One only needs to look at the Presidency of George W. Bush to see how discussing the other enhances nationalistic ideals.  After the attacks of the 11th of September 2001, ‘othering’ those who participating in terrorism became one the trademarks of the Bush Presidency. Whether discussing the ‘axis of evil’ or talking about Bin Laden Bush was very good at drawing a distinction between the ‘evil’ terrorists and the ‘good’ Americans. In doing so he therefore stoked the flames of American nationalism through promoting The United States as better than other nations around the world. Unfortunately for the large Islamic population in the country Bush’s promotion of The United States came at the expense of the Islamic people who continue to suffer from serious racism due to the way Bush ‘othered’ terrorists.

If you want to see more examples all you need to look at is the way John Howard ‘othered’ asylum seekers and especially those in the ‘Children Overboard’ scandal as a way to enhance support for him as a Prime Minister. Othering is now also a common factor in the discussion of Somali Pirates, where we are completely ignoring the reasons people enter into piracy and simply assuming that it is just because they are ‘evil’ or ‘bad’.  

How should we change this?

There is only one way to defeat the problems that come with this and that is to turn the discussion about problems such as terrorism and piracy away from the discussion of the inherently evil other and onto a discussion about what causes such problems. Actions never occur without reason and unless we accept and discuss that fact we are never going to be able to solve the problems that lead to actions like terrorism. For example, there is quite clear evidence that the majority of piracy of the coast of Somalia occurs due to severe pollution in the waters that has destroyed fish stocks and therefore people’s livelihoods. Most of this pollution has occurred due to the dumping of a range of pollutants from ships in the waters. In this situation it is not too difficult to make a jump as to why you might start to see piracy in this region. If we therefore began a discussion around why so much pollution occurs in this area, who is responsible for it and how it can be stopped we would have a much better chance and ending the practice in the future than if we were to just talk about piracy as an action that occurs due a natural ‘evilness’ of those who participate in it.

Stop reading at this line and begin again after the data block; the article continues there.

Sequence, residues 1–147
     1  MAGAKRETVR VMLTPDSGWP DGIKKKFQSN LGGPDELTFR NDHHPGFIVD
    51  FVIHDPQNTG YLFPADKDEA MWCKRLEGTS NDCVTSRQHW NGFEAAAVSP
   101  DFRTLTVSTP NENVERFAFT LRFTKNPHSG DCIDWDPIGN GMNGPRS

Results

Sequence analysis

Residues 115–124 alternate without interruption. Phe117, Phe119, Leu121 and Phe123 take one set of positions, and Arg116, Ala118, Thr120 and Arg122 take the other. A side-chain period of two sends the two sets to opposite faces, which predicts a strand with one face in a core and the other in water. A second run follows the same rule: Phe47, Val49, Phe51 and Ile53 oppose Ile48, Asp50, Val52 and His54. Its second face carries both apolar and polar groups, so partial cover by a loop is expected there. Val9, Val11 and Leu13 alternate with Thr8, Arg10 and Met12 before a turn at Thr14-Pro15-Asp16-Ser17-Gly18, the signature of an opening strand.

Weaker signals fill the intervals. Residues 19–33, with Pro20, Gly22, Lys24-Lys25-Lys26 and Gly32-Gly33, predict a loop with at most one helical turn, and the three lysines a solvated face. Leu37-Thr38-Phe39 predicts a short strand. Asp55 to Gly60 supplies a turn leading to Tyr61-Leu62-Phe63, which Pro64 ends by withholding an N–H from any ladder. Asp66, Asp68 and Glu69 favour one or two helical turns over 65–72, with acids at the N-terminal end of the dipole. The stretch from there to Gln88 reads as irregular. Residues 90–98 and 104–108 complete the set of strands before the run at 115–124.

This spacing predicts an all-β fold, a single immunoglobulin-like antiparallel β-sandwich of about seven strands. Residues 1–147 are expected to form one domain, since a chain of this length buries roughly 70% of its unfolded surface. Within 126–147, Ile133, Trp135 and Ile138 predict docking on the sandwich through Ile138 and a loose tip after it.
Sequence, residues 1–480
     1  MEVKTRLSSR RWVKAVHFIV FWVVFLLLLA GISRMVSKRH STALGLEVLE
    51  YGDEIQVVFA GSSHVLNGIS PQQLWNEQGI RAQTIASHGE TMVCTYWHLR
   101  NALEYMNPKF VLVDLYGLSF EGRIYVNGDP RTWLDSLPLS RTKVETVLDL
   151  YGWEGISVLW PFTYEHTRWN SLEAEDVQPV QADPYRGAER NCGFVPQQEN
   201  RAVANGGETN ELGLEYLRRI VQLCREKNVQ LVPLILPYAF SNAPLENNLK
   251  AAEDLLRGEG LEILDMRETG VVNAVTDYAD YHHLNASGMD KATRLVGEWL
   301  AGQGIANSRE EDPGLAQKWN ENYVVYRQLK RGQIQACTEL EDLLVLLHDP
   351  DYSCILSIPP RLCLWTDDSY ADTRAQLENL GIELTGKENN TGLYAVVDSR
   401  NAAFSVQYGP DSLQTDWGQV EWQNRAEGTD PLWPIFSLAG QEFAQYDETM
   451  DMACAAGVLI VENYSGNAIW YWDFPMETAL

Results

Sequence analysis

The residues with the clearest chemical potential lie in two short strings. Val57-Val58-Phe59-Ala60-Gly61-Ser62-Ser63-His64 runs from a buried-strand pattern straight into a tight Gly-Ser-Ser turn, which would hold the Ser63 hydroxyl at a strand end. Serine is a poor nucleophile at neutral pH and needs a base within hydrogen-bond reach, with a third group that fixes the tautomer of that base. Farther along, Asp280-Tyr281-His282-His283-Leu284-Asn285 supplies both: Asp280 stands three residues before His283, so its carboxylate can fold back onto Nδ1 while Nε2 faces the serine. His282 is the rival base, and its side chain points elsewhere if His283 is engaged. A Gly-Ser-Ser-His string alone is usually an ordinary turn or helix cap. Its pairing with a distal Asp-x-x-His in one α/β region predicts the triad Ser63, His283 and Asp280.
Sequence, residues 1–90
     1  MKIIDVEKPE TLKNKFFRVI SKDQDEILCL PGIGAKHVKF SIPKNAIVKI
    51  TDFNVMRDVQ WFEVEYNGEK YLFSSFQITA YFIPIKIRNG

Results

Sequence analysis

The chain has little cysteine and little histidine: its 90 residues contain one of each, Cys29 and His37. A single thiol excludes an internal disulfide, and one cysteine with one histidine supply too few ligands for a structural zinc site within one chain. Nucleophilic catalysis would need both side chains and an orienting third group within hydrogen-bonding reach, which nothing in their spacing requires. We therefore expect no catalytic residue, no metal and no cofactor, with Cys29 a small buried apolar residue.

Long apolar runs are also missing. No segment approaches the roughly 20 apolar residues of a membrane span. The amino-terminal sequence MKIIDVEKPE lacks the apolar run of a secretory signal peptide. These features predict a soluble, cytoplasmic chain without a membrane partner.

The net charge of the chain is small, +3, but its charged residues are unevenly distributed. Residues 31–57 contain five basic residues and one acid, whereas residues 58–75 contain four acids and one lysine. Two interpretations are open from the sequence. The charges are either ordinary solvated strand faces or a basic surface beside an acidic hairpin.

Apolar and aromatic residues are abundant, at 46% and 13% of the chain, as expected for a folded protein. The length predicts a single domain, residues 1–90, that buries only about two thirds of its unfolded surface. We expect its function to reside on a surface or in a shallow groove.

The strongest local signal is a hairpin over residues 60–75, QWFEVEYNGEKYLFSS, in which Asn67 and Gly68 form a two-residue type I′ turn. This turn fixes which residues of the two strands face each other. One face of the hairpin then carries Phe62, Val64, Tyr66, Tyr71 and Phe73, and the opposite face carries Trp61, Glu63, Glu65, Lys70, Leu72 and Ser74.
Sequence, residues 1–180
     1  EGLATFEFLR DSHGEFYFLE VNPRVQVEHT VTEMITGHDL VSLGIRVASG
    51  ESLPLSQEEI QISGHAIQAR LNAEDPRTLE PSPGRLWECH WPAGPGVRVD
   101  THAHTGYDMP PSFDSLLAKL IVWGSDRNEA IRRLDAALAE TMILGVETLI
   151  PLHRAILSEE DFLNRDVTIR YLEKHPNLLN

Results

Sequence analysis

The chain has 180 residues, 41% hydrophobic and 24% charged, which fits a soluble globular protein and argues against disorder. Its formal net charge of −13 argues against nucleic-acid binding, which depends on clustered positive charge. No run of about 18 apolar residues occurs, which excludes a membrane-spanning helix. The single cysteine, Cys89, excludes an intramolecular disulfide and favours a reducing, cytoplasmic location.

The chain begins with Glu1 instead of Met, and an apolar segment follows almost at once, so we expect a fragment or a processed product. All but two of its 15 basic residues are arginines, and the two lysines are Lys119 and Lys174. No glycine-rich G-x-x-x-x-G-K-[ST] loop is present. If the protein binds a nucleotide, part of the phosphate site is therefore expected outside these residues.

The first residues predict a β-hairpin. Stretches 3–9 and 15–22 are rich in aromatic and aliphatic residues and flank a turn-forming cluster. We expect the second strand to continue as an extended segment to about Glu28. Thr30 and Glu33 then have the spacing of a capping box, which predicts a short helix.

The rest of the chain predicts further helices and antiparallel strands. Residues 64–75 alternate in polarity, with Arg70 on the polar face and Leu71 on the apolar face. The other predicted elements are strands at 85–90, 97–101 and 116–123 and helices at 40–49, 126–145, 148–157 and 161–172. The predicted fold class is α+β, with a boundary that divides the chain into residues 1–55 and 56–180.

The question then must be asked; doesn’t this just allow for the justification of bad acts? There is definitely something to this; if we discuss these issues in a way that provides logical reasons for why negative actions occur it could be seen to be justifying why people did them and therefore ‘normalising’ particular crimes to a certain extent. However, I seriously do not believe that this is a major problem. I do so with the understanding that our justice system should have two main goals: (1) to reduce crime and (2) to ‘rehabilitate’ those who have participated in crimes so they can become active members in society once again (more on this in another blog). I believe that as long as we continue to describe those who participate in such crimes as ‘inherently different’ to us and refuse to acknowledge the reasons behind their crimes than we will never achieve these two goals. If ‘normalising’ a crime to a certain extent is a consequence of this than I am happy to live with that.

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May 3, 2009 - Posted by | Analysing the Right, Security, War and Violence | , , ,